Last year’s announcement that NBC would move from its lot created a vacancy in the Media Center lot, which opened the door for M. David Paul to construct new media-related offices in a section of Los Angeles County that features some of the lowest vacancy rates.
In the fourth quarter of last year, Burbank recorded the lowest office vacancy rate in the county at 3.8%, a figure well below Glendale’s 14.1% and Pasadena’s 10.1% vacancy rates, according to figures released by the real estate advisory firm Grubb & Ellis Co.
Officials expect NBC to begin its transition to Universal City by 2011, when a three-year lease the studio agreed to with M. David Paul is set to expire. But the studio has the option to extend the contract if necessary, a process that could last for many years, Burbank Chamber of Commerce President Gary Olson said.
“They’re not tearing down sound stages,” he said. “They will continue to have a presence in Burbank.”
For example, sound stages for “The Ellen DeGeneres Show” will remain in Burbank, he said.
When M. David Paul secured the lot, it was done under the guise of the city’s 20-year master plan, which NBC and Burbank agreed to in 1997, assuring that any new tenants must work in a media-related field, Hermann said.
Part of the rationale behind that deal was to ensure that traffic would be staggered throughout the day and night, limiting the crunch on some of Burbank’s major thoroughfares at peak hours.
But there are still concerns that the new tenants will inundate the area.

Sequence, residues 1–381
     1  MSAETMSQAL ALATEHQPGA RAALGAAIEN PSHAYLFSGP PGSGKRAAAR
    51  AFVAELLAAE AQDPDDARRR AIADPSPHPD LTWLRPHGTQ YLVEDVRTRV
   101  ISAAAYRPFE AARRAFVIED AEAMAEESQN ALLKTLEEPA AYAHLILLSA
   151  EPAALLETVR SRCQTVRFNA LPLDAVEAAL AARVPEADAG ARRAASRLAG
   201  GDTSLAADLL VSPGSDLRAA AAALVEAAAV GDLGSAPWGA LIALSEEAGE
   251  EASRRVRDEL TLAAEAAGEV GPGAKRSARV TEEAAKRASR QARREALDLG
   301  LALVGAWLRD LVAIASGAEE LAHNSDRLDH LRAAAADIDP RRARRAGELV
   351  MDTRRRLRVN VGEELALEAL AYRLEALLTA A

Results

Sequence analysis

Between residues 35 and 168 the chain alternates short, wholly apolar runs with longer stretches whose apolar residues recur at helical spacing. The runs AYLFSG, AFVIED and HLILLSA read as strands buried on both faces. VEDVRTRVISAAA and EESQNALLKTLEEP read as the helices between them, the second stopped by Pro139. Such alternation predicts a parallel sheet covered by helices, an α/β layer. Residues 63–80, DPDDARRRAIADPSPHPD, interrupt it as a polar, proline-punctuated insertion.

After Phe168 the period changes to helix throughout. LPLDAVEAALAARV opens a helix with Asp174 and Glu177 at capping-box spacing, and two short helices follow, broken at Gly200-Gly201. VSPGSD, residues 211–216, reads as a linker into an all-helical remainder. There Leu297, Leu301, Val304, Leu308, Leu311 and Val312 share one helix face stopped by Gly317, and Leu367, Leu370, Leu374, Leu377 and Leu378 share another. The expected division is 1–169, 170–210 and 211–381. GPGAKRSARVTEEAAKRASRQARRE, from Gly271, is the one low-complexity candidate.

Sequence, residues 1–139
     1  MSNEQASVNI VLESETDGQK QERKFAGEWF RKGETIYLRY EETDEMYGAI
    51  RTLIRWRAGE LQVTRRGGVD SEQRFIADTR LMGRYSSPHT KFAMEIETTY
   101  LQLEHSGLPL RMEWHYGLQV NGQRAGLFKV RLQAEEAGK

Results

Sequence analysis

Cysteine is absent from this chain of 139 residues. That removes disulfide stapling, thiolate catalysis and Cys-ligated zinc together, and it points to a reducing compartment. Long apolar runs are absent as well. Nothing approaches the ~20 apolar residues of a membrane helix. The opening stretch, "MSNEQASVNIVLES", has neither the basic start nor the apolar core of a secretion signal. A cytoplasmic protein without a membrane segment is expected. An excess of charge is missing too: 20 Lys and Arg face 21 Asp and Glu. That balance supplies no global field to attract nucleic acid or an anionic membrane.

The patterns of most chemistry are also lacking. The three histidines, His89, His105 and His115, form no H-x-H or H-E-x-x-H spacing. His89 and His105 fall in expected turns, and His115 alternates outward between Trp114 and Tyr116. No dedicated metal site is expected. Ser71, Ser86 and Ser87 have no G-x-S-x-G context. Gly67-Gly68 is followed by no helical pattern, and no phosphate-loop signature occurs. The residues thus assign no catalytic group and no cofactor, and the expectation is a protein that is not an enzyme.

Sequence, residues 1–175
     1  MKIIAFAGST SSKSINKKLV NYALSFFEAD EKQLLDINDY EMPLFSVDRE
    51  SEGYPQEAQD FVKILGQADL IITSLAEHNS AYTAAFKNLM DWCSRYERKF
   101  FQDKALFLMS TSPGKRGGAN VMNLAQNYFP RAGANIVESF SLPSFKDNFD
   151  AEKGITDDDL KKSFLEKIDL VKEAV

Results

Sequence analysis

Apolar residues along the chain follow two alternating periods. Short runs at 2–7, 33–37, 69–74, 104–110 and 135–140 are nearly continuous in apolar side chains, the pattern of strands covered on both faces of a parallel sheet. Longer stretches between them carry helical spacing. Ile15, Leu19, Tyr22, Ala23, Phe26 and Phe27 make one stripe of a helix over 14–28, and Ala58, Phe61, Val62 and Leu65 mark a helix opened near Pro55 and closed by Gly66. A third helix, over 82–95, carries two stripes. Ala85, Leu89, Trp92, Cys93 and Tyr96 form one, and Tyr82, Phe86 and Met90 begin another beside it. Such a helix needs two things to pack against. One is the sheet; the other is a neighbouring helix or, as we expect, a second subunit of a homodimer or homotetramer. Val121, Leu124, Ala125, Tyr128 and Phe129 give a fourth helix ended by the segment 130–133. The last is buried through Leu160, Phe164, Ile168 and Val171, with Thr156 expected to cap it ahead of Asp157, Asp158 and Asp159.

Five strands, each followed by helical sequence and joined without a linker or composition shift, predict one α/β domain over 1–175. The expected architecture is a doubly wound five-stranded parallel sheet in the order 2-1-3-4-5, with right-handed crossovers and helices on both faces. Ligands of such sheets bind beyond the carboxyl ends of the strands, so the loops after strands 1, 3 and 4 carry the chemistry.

“It’s going to surpass capacity of street infrastructure,” Councilman David Gordon said.
Gordon cast the only dissenting vote when the City Council transferred the NBC agreement to M. David Paul at a December meeting, saying that the new site could be more commercial and could increase the amount of vehicles passing through Burbank’s streets.
Others conceded traffic will increase, but the city cannot conduct new studies on traffic unless M. David Paul deviates from the master plan, something they have not done, Deputy City Planner Joy Forbes said.
Still, Olson is optimistic that the new tenants will work with the city to alleviate the traffic crunch.
“The studios have always been cognizant and very conscious of the sensitivities involving traffic,” he said. “They always have staggered work hours, so they don’t hit during peak business hours. There is an awareness to be good citizens.”
JEREMY OBERSTEIN covers City Hall and public safety. He may be reached at (818) 637-3242 or by e-mail at jeremy.oberstein@ latimes.com.